Jun 072016

Status: Finished DLC up to Maria, got tired of it, completed main game (Moon Presence ending) Most Intriguing Idea: Guns don’t kill people, they stun them. Best Design Decision: The health-regain mechanic Worst Design Decision: Vast, overwhelming grayness Summary: I bounced right off of Bloodborne‘s introductory segment—a textbook case of tedious bullshit passing as difficulty—the first time I tried it, but I returned to the game after Dark Souls 3 because the games seemed to be communicating on a mechanical level (seemingly to DS3‘s detriment). Bloodborne favors pairing conservative strategies of engagement with aggressive tactics of combat, and playing DS3 [Read more…]

A Machine Encrufted

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Oct 292013
A Machine Encrufted

Amnesia: A Machine for Pigs is a game I did not love. For the sort of person who thought The Chinese Room’s previous outing Dear Esther was not a game, I should note that A Machine for Pigs conforms more closely to certain norms. There are traditional puzzles, for instance, and levers you must pull to open secret doors, and scraps of diaries that you can read, and furnaces you can throw lumps of coal into, and ugly violent monsters from which you must hide lest you get knocked back (or occasionally forward) to a checkpoint. This should relieve the people who think that The Chinese [Read more…]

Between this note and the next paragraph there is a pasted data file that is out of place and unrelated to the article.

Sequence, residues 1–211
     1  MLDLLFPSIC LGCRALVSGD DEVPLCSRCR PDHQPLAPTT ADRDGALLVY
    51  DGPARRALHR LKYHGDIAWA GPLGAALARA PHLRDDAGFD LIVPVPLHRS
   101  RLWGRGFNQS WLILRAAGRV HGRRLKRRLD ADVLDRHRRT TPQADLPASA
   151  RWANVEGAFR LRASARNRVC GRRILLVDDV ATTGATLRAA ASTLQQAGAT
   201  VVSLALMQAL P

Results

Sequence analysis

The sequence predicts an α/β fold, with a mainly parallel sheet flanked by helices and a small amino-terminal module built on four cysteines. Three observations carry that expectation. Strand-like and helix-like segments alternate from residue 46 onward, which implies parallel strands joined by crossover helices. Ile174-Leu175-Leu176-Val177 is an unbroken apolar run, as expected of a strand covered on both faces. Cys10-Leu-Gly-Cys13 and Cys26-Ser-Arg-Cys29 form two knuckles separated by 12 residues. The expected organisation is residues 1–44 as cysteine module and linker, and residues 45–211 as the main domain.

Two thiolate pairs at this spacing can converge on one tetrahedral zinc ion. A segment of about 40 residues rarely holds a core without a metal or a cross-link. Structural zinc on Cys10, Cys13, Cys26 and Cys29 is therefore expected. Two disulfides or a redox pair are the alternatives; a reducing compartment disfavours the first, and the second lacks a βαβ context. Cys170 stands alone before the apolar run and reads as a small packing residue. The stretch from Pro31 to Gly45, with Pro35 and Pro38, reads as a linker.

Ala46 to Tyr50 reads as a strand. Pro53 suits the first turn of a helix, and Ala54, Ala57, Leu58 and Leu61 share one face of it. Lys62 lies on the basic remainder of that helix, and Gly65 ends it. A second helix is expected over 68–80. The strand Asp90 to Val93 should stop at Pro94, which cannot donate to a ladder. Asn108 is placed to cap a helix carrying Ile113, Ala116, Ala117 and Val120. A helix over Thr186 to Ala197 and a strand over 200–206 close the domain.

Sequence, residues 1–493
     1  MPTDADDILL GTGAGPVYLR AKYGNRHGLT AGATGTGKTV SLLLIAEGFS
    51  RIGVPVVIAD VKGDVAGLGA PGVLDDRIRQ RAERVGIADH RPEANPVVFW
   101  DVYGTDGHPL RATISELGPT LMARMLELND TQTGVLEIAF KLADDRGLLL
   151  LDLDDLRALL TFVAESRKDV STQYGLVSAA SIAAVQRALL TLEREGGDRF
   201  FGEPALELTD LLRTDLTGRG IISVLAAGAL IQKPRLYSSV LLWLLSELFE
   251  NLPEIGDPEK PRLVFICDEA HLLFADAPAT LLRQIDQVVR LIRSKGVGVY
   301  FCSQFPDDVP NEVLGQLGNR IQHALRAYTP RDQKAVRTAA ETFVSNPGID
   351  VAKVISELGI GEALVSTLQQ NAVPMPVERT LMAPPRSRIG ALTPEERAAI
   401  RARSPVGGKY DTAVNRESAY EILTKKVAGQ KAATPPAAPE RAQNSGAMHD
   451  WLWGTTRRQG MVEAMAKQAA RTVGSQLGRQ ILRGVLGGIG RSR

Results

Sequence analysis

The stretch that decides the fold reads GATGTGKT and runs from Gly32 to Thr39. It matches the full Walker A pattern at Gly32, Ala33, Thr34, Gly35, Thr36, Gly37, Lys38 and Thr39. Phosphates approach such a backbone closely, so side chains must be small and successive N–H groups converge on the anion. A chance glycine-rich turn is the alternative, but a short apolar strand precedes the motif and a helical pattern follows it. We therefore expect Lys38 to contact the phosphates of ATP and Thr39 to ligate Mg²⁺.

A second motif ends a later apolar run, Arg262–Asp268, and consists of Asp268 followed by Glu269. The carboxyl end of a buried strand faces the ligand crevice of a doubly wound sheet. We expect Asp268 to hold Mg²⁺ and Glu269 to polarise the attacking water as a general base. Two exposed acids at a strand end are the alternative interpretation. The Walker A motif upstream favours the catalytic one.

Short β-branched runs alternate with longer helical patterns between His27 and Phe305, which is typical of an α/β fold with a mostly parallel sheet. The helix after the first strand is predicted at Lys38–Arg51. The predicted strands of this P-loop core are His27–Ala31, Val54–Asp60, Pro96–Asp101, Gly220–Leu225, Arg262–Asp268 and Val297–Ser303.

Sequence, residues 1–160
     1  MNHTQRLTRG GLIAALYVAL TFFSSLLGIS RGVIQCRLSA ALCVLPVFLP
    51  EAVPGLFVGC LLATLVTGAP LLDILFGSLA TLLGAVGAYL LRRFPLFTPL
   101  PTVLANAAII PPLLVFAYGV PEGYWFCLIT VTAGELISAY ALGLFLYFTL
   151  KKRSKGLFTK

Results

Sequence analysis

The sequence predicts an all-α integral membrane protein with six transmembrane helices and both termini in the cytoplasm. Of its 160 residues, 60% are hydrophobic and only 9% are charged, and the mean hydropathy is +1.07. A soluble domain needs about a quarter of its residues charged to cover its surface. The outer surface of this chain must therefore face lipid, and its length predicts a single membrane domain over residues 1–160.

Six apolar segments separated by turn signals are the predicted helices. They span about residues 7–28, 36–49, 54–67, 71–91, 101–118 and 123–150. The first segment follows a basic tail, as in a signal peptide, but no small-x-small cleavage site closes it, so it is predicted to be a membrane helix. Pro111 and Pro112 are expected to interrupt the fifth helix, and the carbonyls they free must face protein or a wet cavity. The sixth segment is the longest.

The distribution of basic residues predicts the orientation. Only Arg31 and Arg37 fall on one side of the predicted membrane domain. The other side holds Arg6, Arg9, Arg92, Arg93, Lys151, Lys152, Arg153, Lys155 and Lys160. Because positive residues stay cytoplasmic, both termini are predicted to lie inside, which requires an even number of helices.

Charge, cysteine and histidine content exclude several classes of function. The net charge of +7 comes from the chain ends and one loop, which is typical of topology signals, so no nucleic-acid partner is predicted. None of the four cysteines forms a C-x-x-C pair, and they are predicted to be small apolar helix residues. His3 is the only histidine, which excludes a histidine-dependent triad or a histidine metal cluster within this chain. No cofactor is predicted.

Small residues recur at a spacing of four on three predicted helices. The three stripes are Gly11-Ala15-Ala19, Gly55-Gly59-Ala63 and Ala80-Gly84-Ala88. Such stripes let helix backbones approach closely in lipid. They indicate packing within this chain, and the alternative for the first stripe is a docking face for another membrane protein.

Apr 192012

I Am Alive is a post-apocalyptic platforming and combat game that does a few things right and many things very poorly. My upcoming second opinion on GameCritics will cover many of the mechanical and technical issues, but I didn’t have enough space to address an additional, more subtle point about the story. I Am Alive clearly wants to be a serious, adult take on post-apocalyptic survival, and in some respects it is. Unfortunately, the game’s treatment of women, among other things, seems to devolve back to the attitudes of a teenaged boy. In I Am Alive, women are helpless objects [Read more…]

The Road Course

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Jun 282011

This past weekend marked an interesting turn in the NASCAR racing season, by which I mean a right turn. Both the Sprint Cup and Nationwide Tour visited road courses, a rare departure for a racing brand built on ovals. The weight, center of gravity, and wheelbase of a stock car can make even the ovals difficult to drive at racing speeds, so even though the road courses make use of the same basic skills, they pose a unique and difficult challenge, so much so that it was once typical to see “ringers” with road racing expertise make an appearance at [Read more…]